FINDER : Fossil Fingerprinting and Identification of New Denisovan Remains from Pleistocene Asia

(European Research Council Starting Grant: 2017-2022)

Ancient genomics have transformed our knowledge of archaic hominins present in Eurasia prior to the expansion of modern humans from Africa. In 2010, a finger bone discovered at Denisova Cave (Siberia, Russia) was assigned using DNA to a new, previously unknown human group, the Denisovans. The Denisovans interbred with both Asian Neanderthals and modern humans over the past 100,000 years; their geographic distribution is now thought to have stretched from the Siberian steppes to the tropical forests of SE Asia and Oceania.

Despite their assumed broad spatiotemporal range, Denisovans are only known from 4 tiny bones and teeth, all from a single Siberian cave (figure below). Their presence was also identified in sediment-bound DNA at the same cave.

This patchy knowledge of an entire human population significantly limits our ability to test hypotheses and interpretative models concerning major issues in the field of human evolution, such as the routes and timing of people movements across Asia; the nature and frequency of interaction between indigenous Eurasian groups and migratory modern humans; the mechanisms leading to the demise of archaic lineages and eventual sole dominance of our species on Earth.

This project aims to rectify the dearth of Denisovan fossils by applying a novel combination of scientific methods, namely, collagen fingerprinting, radiocarbon dating and ancient DNA analysis, designed to identify, date and genetically characterize new human fossils, with a particular emphasis on the discovery of Denisovan remains. Instead of only focusing on the few morphologically identifiable human bones, in this project, a  high-throughput approach will target bulk collections of unidentified bone fragments (~30,000 fragments) from ~20 Asian sites dating to between 100,000-10,000 years.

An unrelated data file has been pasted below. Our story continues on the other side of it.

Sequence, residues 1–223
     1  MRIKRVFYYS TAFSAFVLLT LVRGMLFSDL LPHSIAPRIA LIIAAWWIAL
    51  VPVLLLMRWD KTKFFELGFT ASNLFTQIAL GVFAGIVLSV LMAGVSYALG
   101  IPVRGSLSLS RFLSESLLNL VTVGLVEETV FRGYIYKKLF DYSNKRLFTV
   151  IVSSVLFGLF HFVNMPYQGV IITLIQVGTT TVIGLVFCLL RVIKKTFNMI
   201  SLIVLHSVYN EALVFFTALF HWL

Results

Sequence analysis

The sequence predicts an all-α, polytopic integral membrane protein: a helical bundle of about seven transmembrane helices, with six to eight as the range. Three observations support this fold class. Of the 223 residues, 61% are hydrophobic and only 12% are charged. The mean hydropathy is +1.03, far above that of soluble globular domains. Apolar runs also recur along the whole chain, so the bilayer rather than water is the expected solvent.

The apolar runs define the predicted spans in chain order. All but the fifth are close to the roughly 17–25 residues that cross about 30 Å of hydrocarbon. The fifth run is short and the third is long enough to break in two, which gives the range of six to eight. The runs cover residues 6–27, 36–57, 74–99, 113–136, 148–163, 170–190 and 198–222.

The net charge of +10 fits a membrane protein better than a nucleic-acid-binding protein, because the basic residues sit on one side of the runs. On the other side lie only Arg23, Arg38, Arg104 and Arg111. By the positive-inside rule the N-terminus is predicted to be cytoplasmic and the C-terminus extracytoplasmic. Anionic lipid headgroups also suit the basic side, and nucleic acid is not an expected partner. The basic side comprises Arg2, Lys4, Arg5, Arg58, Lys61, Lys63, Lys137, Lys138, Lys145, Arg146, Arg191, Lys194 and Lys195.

Ultimately, the goal is to expand our understanding of the Denisovans, reveal their geographic range, age, genetic variation and archaeological signature. In addition to solving the puzzles of ancient population history, this research has the potential to decode the patchwork that makes modern humans who we are today, physically, behaviourally and genetically.

This is a Starting European Research Council-funded project, with a large number of collaborators. It is based at the Max Planck Institute for the Science of Human History, Jena, Germany, and will run from June 2017 to May 2022.

A website dedicated to the project with more information on the team and updates on research progress will follow soon.